I was not opposed to the idea of forcing a by-election for Anwar to return to parliament but it should have been the MB of Selangor or some other ineffectual MP who should have given way for Anwar and not Wan Azizah. Hasn’t the mentri besar or the chief minister of state enough duties on their plate to also want to claim a federal seat?

In this case, we are talking about not just an ordinary woman leader but the president of the party and a possible Prime Minister of the country in the event of Anwar being imprisoned for sodomy 2.0.

But how was it that the feminists and the principled politicians in PR did not utter any dissension? It has become a standard feminist demand that there should be a gender quota of women representation in political parties, government office and other institutions. In this case, we have a woman president of the party who had already won her seat in parliament having to make way for a man!

It’s democracy, stupid!

Why do you think this grabby practice of wanting seats in both federal and state parliaments is not practiced in other democratic countries? Do you think it is because they cannot afford to employ political secretaries to look after their constituencies?

It’s democracy, stupid! To do so would risk being laughed at by the media and the public for being such petty bourgeois careerists! Democracy is a process that emphasises broad and greater participation of the people and the nurturing of new leaders in the political system. It is about the inclusion of women and young leaders in the exercise of power and decision-making throughout society.

This principle of inclusivity is crucial. It is not about placing a few token or high-profile women who are more interested in air-brushing their public image either! The role of women leaders is to push for deeper and more extensive models of democracy and participation for other women.

Thus, selection procedures within parties must be inclusive, transparent and democratic. Various structures such as the women and youth wings should be empowered to enable them to effectively participate in this selection process. As my example of the Selangor DAP state committee is instructive, intra-party democracy and inclusivity needs to be sustained. This requires the party to have in place structures and system that will ensure that all groups are catered for at all times and reforms cannot be simply undone.

If Pakatan Rakyat fails to carry out such intra-party reform, democracy will continue to be cynically interpreted — as my former comrades in the DAP used to joke about it — “Dia mahu kerusi”.

* The writer is a director of Suaram and former Petaling Jaya Utara MP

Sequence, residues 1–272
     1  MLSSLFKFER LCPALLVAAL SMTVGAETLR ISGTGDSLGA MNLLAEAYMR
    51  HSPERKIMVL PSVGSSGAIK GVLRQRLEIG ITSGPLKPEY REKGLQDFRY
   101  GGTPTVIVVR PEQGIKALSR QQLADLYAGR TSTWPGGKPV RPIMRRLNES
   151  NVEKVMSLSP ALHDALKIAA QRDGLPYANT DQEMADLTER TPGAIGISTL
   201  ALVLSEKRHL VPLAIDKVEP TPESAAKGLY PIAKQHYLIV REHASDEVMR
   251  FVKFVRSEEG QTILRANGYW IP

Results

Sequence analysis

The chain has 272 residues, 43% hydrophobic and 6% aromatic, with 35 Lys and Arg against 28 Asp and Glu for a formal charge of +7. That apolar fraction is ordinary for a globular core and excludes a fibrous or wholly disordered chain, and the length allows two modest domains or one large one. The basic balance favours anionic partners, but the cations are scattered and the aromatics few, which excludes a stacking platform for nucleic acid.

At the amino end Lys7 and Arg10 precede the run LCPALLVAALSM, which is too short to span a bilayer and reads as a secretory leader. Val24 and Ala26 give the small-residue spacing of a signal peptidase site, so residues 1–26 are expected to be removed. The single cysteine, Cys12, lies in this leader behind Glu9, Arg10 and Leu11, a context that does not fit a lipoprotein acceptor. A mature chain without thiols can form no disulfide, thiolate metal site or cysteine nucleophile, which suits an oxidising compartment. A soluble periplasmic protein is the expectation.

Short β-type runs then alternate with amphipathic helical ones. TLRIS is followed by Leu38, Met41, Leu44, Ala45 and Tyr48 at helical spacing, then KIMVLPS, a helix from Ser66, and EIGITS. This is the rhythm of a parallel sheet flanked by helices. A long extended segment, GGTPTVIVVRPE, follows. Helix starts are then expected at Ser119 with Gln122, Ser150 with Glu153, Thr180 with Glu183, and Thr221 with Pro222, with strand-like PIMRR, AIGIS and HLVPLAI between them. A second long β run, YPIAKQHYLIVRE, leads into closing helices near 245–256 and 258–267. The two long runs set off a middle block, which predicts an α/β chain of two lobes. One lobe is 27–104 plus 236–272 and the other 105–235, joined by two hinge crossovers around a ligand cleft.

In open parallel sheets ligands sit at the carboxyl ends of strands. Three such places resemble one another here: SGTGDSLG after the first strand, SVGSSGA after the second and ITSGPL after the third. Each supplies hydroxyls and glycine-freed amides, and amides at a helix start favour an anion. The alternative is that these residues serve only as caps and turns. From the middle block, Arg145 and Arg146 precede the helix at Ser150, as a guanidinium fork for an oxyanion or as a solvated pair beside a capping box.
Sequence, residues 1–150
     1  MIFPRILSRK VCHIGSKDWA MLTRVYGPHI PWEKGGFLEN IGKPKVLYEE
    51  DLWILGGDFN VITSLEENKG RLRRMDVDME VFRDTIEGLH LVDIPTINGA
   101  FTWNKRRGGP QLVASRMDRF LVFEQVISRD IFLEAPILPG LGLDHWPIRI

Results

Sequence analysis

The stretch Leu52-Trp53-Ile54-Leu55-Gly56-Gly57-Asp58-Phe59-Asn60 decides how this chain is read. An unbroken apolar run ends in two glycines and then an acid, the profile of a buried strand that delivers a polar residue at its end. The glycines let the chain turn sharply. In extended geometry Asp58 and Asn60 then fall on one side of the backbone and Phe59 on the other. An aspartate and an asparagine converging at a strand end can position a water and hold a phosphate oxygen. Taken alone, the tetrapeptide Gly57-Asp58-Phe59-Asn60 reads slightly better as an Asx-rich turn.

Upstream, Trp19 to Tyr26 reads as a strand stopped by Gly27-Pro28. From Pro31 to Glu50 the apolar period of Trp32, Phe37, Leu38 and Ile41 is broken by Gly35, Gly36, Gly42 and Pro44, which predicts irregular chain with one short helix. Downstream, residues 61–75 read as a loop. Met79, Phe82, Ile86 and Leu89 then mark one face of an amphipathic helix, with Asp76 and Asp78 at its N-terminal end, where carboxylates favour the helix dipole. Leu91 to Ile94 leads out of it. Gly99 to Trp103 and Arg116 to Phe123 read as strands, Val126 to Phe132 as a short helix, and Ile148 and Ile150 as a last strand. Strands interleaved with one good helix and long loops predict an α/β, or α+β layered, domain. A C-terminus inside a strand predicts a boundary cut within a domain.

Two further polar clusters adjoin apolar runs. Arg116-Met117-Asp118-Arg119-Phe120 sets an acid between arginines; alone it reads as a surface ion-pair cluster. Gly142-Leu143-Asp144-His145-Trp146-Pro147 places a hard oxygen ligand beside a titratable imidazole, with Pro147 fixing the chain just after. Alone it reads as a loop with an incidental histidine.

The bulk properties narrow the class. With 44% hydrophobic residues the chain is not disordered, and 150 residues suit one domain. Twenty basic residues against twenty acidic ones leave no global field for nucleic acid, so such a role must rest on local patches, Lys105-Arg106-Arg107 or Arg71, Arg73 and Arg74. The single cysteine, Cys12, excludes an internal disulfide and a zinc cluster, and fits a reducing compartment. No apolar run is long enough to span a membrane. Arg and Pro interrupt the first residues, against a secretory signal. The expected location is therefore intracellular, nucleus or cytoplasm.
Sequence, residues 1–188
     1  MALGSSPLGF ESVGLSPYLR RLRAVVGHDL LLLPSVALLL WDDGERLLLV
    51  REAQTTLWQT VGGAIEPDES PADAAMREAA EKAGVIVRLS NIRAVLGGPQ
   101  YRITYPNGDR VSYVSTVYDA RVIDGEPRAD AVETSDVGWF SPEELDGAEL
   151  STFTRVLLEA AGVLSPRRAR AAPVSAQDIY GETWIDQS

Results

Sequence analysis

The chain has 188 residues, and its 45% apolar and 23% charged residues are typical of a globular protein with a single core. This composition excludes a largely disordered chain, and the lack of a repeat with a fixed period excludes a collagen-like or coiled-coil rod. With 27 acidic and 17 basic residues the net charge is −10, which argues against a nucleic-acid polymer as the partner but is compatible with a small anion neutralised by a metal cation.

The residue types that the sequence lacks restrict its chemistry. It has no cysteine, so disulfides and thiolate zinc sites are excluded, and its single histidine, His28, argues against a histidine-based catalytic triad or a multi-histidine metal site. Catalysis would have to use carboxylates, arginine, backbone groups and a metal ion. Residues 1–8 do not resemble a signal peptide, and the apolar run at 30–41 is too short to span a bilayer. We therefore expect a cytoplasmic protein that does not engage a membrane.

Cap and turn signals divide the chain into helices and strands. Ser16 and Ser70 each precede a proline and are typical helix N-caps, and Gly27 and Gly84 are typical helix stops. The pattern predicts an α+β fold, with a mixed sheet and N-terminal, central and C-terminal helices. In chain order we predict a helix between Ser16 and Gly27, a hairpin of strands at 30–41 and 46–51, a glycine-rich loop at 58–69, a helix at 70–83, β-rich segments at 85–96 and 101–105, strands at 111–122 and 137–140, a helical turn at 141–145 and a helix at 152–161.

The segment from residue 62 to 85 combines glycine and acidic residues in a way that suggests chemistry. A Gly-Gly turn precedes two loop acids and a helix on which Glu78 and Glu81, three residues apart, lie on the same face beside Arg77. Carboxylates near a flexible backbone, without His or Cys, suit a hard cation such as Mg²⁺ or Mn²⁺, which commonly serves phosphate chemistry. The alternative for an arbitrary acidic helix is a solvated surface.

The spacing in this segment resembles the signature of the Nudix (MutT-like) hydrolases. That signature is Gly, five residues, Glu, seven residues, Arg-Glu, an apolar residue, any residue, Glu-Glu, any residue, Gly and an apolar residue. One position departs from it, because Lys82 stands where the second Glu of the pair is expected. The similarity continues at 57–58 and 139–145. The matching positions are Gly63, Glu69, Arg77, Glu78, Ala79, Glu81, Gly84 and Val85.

* This is the personal opinion of the writer or publication. The Malaysian Insider does not endorse the view unless specified.

[[[ *** RESPONSE *** ]]]

An intelligent article that is too pro-feminist for it’s own good. You’d think feminism was more important that mention of TERM LIMITS and NEPOTISM. Mention these Pakatan problems sometime too KKS, Pakatan is rife with it’s own form of undemocratic illness – with careerist behaviour particularly pronounced and well described here in Pakatan Rakyat.

Could MCA, MIC, Gerakan and PPP please leave BN to form a 3rd Force along with KITA, MCLM, PCM, Borneo Front, Konsensus Bebas, HRP, PSM that is not aligned to Pakatan? BN is too racist as of now. Pakatan is too ambiguous but more cosmopilitan, though likely corrupt and opaque when they entrench, even as term limitless politicians and nepotists throng the Pakatan coalition. The only safe option which the Rakyat can control to any measure, that could understand that limitless terms and nepotism is wrong, is 3rd Force.

Shameless quangocrats who jump from one state-funded gravy train on to another – by Leo Mckinstry – 19th August 2011

In Uncategorized on January 24, 2012 at 9:12 am

Famously, the Cabinet Office boasted that the Government had embarked on a ‘bonfire of the quangos’, which would see almost 200 organisations disappear, saving the taxpayer a fortune. Ten months on, however, these claims have proved grossly overblown. All we’ve had is a few flickering flames, rather than a mighty conflagration. As new research revealed yesterday, of the 192 bodies that the Coalition promised to abolish, 151 still exist, continuing to leech off the taxpayer. Failure to deliver: Francis Maude, Cabinet Office Minister, leaves a television studio in Westminster on October 14, 2010 in London, after announcing the plans to abolish 192 Quangos and merge an additional 118 Failure to deliver: Francis Maude, Cabinet Office Minister, leaves a television studio in Westminster on October 14, 2010 in London, after announcing the plans to abolish 192 Quangos and merge an additional 118 The gigantic, expensive quango-land has proved astonishingly resistant to the cuts. A host of outfits that were deemed a waste of public money, such as the Football Licensing Authority and the notoriously spendthrift National Policing Improvement Agency, continue to survive long after their death knell was supposed to have sounded. Even when an organisation is axed, it often reappears in another form — just like the hydra of Greek mythology, which would grow two new heads for every one that the mighty Hercules chopped off. Ministers have made much of the planned abolition of the eight Regional Development Agencies, set up by John Prescott to ‘enable local communities to fulfil their economic ambitions’.